Jerry and Rachel are two strangers thrown together by a mysterious phone call from a woman they have never met. Threatening their lives and family, she pushes Jerry and Rachel into a series of increasingly dangerous situations, using the technology of everyday life to track and control their every move.
On the eve of retirement, Kirk and McCoy are charged with assassinating the Klingon High Chancellor and imprisoned. The Enterprise crew must help them escape to thwart a conspiracy aimed at sabotaging the last best hope for peace.
Dr. Bruce Banner, thanks to a gamma ray experiment gone wrong, transforms into a giant green-skinned hulk whenever his pulse rate gets too high. Meanwhile, a soldier uses the same technology to become an evil version of the original.
Set in a future Earth (2035 A.D.) where robots are common assistants and workers for their human owners, this is the story of "robotophobic" Chicago Police Detective Del Spooner's investigation into the murder of Dr. Alfred Lanning, who works at U.S. Robotics, in which a robot, Sonny , appears to be implicated, even though that would mean the robot had violated the Three Laws of Robotics, which is apparently impossible. It seems impossible because.. if robots can break those laws, there's nothing to stop them from taking over the world, as humans have grown to become completely dependent upon their robots. Or maybe... they already have? Aiding Spooner in his investigation is a psychologist, Dr. Susan Calvin, who specializes in the psyches of robots. Written by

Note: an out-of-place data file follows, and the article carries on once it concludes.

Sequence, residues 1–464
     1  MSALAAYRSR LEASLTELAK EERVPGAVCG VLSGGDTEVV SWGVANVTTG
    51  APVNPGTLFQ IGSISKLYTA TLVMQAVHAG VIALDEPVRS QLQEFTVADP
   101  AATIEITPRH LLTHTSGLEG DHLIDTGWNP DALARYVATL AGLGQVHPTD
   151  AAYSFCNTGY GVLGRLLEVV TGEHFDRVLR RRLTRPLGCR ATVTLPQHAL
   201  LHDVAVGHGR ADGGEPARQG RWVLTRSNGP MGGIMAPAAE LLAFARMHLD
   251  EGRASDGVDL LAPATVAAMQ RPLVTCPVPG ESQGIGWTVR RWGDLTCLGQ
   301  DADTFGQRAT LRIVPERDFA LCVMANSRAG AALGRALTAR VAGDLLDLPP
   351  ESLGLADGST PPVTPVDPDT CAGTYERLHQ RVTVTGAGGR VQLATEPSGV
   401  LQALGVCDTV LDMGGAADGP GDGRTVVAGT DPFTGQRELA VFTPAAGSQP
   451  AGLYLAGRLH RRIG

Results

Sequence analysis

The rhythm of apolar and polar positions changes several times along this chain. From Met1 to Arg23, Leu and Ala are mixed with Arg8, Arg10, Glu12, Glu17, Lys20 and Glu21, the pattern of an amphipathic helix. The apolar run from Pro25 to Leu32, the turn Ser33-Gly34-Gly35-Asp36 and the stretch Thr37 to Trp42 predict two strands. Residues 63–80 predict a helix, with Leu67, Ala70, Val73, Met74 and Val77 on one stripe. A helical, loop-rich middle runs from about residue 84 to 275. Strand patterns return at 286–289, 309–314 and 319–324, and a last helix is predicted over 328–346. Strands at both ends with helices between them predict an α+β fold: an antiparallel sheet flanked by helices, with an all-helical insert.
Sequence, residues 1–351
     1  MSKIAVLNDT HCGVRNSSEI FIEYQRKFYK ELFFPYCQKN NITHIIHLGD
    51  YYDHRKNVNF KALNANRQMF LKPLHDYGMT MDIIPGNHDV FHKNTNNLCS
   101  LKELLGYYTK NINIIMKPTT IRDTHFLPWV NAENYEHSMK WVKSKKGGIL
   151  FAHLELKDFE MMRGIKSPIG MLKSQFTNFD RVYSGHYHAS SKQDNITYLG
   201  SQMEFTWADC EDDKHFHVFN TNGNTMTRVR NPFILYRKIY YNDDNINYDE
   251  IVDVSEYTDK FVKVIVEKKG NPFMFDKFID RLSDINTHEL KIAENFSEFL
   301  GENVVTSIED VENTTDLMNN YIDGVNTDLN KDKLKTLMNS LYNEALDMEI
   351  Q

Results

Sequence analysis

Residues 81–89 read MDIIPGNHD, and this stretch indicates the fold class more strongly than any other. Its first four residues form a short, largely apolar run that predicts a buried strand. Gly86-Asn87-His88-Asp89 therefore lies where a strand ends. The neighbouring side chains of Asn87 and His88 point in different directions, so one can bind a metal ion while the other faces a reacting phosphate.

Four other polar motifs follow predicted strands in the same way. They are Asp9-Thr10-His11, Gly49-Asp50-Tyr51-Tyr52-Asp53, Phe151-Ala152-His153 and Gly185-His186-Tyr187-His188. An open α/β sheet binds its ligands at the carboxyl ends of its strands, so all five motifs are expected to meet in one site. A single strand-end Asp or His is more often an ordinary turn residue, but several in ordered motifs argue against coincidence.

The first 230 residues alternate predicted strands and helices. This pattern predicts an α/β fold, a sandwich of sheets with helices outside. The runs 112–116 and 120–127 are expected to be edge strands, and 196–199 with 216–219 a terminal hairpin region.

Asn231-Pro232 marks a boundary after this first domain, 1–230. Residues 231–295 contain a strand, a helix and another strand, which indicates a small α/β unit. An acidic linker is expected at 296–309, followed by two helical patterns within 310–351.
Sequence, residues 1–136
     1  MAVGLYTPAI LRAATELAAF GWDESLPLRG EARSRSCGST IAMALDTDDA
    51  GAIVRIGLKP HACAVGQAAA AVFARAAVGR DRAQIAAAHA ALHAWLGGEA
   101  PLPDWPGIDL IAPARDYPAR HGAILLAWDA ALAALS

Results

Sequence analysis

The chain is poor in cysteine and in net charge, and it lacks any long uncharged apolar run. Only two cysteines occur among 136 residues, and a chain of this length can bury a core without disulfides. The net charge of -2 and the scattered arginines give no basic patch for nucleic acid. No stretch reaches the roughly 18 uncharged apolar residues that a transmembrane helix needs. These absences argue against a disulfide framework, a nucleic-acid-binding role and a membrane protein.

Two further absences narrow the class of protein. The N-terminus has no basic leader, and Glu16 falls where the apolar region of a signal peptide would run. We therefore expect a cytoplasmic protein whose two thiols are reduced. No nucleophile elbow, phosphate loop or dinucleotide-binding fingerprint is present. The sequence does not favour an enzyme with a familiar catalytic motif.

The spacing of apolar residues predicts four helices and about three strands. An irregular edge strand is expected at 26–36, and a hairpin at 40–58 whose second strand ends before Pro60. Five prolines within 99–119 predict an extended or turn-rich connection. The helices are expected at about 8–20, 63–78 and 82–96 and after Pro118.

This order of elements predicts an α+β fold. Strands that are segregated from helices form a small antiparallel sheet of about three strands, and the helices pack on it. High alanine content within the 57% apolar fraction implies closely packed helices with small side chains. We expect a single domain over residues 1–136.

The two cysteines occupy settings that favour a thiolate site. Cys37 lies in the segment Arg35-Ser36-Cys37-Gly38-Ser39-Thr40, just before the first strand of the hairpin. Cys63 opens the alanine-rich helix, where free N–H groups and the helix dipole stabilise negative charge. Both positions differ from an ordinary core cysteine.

No re-shoots were required, a rarity for a movie as big as this. See more »
Dr Lanning has been thrown through a window and the pane has a smooth hole with no fractures in the remaining glass. This is inconsistent with Spooner's demonstration when he cracks the next pane with the chair and the glass cracks all over (as expected). See more »
Instead of opening credits, the beginning of the movie features Isaac Asimov's 3 Laws of Robotics: LAW I. A robot may not injure a human being or, through inaction, allow a human being to come to harm. LAW II. A robot must obey orders given it by human beings except where such orders would conflict with the First Law. LAW III. A robot must protect its own existence as long as such protection does not conflict with the First or Second Law. See more »
When Isaac Asimov at the age of 14 read pulp SF-stories, he soon became fed up with the usual stereotype robot story: Mad, but brilliant scientist construct a robot that turns against its creator and have to be deactivated by the hero of the story. So, when he later became a SF-writer he created his famous three laws of robotic, to enable him to write stories, that was not infected by the Frankenstein Syndrome.
The movie 'I, Robot' is named after Asimov's first collection of robot short stories. It uses his three laws and even some of the character's names. But the plot is far from being Asimovian! It is a typical Frankenstein story of the kind that Isaac Asimov would hate.
For a genuine SF-fan who admires Isaac Asimov, this is a very sad film that demonstrates contempt for one of the true masters of science fiction!
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